While Collaborator Magazine is all about bringing people together, on a day-to-day basis, it’s best to recognize that conditions change. So in the interest of being realistic, it’s good to accept that just as friendships may come and go, so will partnerships. The more formal the partnership, the more structured the commitment, the more difficult it may be to withdraw, if certain components are not put in place beforehand.
On the whole range of partnerships, some non-profits in particular may just have a verbal agreement – “I’ll refer clients your way if you send them my way”. If it works, great. If not, then the relationship may simply dissolve or atrophy with no long-term impact. The partnership may only be for the duration of a particular project. In which case, then the end should be clearly defined as being tied to say, a grant’s terms. If, however, contracts are drawn up and it is clear what everyone is bringing to the table – then it should also be clear what is expected when they are at the table, the conditions for excusing them from the table, and then a clear delineation of what they may take from the table when they leave. In a quick survey of how to break up a business partnership, many entrepreneurs likened this to the prenuptial agreement of a marriage. By having the terms for dissolution or severance clearly laid out, it can give all parties the peace of mind to know what the worst case scenario will actually entail. Just knowing this can take a lot of stress off the parties. If the terms are not laid out, things can get really messy.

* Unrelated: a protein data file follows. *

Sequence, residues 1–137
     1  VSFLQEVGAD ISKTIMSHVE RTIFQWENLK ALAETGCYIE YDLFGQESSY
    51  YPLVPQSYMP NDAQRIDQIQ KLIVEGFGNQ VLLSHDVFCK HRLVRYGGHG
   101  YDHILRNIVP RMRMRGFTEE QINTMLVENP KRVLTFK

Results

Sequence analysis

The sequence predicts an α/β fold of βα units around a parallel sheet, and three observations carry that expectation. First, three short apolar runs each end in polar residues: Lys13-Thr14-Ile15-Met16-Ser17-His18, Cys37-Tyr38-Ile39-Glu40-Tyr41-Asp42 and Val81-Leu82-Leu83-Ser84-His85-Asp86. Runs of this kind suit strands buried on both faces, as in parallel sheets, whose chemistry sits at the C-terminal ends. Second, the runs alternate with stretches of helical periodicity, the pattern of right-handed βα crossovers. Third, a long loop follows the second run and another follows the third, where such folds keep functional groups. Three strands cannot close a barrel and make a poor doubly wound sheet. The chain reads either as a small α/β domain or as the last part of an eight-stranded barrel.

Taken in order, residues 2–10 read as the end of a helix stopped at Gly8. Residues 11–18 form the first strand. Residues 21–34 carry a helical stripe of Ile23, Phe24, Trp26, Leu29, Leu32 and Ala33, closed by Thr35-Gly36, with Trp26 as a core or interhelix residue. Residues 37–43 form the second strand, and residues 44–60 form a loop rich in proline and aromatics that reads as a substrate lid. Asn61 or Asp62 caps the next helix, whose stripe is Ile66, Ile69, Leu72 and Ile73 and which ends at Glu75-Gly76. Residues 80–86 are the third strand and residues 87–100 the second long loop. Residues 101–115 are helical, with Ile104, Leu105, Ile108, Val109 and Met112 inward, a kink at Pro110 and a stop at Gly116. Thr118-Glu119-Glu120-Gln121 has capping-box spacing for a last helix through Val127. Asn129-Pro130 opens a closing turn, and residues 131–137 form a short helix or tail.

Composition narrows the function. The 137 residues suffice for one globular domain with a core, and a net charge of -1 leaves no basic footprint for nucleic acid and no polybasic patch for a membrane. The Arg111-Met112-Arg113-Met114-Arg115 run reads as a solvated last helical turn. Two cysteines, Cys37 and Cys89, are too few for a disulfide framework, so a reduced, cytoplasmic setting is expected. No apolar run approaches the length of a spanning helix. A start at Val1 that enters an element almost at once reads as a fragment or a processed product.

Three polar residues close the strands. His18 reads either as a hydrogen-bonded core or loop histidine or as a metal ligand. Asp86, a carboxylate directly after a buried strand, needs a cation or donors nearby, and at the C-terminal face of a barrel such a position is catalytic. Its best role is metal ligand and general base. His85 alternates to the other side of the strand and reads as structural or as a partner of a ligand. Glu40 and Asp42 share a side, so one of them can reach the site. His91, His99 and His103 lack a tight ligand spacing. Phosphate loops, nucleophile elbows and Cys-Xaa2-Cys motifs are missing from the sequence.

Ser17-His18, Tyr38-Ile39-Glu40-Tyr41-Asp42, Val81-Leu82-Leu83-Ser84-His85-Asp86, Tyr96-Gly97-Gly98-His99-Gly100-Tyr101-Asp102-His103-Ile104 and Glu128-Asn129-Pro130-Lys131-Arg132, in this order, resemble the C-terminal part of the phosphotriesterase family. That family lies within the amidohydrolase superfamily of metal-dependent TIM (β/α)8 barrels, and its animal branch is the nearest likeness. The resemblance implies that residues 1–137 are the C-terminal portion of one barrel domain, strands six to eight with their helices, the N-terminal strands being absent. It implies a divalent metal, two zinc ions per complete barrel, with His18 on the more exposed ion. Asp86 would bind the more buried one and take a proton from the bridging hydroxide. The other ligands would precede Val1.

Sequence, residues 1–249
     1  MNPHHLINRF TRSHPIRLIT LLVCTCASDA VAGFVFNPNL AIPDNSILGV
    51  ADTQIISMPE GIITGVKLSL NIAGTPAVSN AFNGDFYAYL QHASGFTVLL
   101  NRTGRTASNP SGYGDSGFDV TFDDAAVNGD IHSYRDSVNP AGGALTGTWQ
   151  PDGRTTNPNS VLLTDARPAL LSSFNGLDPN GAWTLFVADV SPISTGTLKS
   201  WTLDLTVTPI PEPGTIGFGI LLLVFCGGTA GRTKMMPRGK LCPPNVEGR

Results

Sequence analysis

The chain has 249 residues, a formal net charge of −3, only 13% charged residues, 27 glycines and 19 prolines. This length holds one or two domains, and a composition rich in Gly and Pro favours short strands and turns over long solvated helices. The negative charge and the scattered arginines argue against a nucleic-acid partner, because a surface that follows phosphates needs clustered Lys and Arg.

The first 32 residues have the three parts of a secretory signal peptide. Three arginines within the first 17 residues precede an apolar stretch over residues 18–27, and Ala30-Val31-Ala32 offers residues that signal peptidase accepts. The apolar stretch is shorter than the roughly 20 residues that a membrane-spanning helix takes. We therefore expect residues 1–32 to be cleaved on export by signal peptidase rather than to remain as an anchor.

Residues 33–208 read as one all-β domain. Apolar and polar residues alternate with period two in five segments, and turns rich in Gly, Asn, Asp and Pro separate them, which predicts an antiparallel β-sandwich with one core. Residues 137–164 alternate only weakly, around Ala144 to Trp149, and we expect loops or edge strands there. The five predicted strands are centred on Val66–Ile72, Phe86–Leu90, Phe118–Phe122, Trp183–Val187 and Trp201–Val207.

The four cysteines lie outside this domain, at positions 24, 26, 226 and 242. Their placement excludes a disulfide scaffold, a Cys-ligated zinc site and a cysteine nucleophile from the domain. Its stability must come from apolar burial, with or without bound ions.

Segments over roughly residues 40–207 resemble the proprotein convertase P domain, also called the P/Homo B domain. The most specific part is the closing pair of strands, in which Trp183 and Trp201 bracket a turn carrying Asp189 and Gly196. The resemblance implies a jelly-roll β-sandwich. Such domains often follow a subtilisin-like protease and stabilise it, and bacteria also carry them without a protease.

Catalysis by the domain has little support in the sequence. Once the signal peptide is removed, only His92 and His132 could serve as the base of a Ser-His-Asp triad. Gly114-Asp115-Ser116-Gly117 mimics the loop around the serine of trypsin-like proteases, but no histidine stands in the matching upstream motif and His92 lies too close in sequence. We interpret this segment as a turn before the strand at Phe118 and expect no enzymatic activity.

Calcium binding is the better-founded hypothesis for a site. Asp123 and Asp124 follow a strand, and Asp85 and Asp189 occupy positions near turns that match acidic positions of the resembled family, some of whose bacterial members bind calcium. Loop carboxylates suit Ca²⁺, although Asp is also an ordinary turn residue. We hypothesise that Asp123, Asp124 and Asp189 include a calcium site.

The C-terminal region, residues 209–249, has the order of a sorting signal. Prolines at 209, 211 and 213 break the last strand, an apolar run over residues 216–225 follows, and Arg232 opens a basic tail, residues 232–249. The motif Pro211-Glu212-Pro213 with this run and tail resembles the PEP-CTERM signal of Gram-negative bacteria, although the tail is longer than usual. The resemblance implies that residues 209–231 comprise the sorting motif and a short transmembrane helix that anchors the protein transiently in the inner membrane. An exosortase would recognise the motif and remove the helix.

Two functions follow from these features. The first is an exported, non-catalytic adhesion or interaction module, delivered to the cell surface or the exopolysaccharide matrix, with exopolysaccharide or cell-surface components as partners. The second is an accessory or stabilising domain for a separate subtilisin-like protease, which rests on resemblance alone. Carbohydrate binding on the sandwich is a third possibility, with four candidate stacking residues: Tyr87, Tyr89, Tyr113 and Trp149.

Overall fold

Partnerships are crucial for carrying out our missions. But it is important to remember that like everything else, they’re temporary. How long they last, and how they end, are important considerations that shouldn’t be neglected. After all, being clear and up-front contributes to good partnerships.